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Japan may have to make more concessions to push forward free-trade negotiations with Southeast Asian nations, according to Shoichi Nakagawa, minister of economy, trade and industry.

“We can’t give ground in certain areas, but when we do make concessions, we will just have to work to gain the understanding of the people,” he said in a recent interview. “I have no thought of giving up on the talks now, just because it’s going to be difficult.”

Nakagawa’s stance bodes well for stalled talks with the 10-member Association of Southeast Asian Nations to reduce trade barriers, ease restrictions on direct investment and possibly open doors for foreign workers in the health care and other fields. Negotiations will begin in April, aiming for an agreement in 2012.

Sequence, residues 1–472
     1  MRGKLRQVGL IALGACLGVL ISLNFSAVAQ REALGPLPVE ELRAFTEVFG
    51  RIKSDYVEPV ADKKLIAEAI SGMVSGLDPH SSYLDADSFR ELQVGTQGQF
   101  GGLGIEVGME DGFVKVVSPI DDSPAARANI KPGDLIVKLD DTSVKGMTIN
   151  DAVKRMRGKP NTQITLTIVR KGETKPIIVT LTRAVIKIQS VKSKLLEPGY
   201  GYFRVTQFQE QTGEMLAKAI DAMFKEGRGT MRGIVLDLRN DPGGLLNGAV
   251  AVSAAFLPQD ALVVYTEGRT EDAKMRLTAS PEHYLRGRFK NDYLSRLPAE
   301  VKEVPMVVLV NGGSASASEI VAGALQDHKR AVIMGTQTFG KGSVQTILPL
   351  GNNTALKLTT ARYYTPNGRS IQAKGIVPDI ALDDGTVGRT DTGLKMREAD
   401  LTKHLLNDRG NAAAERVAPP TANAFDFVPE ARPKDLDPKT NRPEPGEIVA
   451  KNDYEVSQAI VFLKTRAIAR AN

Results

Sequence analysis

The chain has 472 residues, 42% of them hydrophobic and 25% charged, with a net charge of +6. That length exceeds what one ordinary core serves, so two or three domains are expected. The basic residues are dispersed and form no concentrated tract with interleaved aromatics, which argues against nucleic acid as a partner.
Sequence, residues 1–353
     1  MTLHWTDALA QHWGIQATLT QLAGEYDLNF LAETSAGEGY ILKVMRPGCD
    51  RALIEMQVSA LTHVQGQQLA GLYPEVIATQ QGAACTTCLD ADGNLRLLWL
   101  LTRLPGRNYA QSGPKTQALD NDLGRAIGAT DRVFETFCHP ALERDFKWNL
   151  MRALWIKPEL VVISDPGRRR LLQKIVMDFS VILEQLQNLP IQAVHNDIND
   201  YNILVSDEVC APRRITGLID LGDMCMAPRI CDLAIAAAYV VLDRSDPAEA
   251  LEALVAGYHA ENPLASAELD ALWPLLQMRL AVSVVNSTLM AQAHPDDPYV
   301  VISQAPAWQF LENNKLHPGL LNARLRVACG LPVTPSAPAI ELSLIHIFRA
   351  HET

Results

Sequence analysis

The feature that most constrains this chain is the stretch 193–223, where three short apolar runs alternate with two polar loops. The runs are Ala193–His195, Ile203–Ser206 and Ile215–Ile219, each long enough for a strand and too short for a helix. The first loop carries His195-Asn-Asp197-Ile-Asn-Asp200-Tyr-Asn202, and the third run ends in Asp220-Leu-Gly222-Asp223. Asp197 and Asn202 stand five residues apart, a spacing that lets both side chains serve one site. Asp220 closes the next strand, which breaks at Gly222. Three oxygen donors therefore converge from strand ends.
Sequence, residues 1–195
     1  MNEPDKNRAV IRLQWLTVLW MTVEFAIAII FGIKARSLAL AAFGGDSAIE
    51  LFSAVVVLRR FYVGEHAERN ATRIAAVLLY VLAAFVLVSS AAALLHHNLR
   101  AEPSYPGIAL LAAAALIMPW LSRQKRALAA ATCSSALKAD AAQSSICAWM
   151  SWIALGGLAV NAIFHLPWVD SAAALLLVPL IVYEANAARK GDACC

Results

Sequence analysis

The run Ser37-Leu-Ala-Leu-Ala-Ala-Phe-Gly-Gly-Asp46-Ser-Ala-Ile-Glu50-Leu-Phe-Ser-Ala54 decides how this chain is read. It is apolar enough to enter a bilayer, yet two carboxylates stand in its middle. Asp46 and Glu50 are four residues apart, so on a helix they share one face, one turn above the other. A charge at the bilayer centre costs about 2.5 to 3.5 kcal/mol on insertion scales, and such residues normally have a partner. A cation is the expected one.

If these talks fall apart, it will be a huge loss for Japan, because ASEAN is already holding free-trade talks with China, Australia, India and the European Union, he said.

Nakagawa also indicated that Japan has more room for concessions than most ASEAN countries because Japan’s economy is a lot bigger.

“Japan’s economy is huge, compared with those of Thailand, Malaysia and Indonesia, and that calls for a certain degree of consideration in our negotiations,” he said.

In general, lowering trade barriers would force prices of goods and services down and expose protected industries to global competition.

Japan so far has signed two bilateral agreements to reduce tariffs — one with Singapore in January 2002 that excluded crops, and one with Mexico in September, the first comprehensive FTA including farm products.

Japan hopes to wrap up ongoing free-trade talks with Malaysia, the Philippines and Thailand by year’s end. It also hopes to conclude negotiations with Seoul in 2005.

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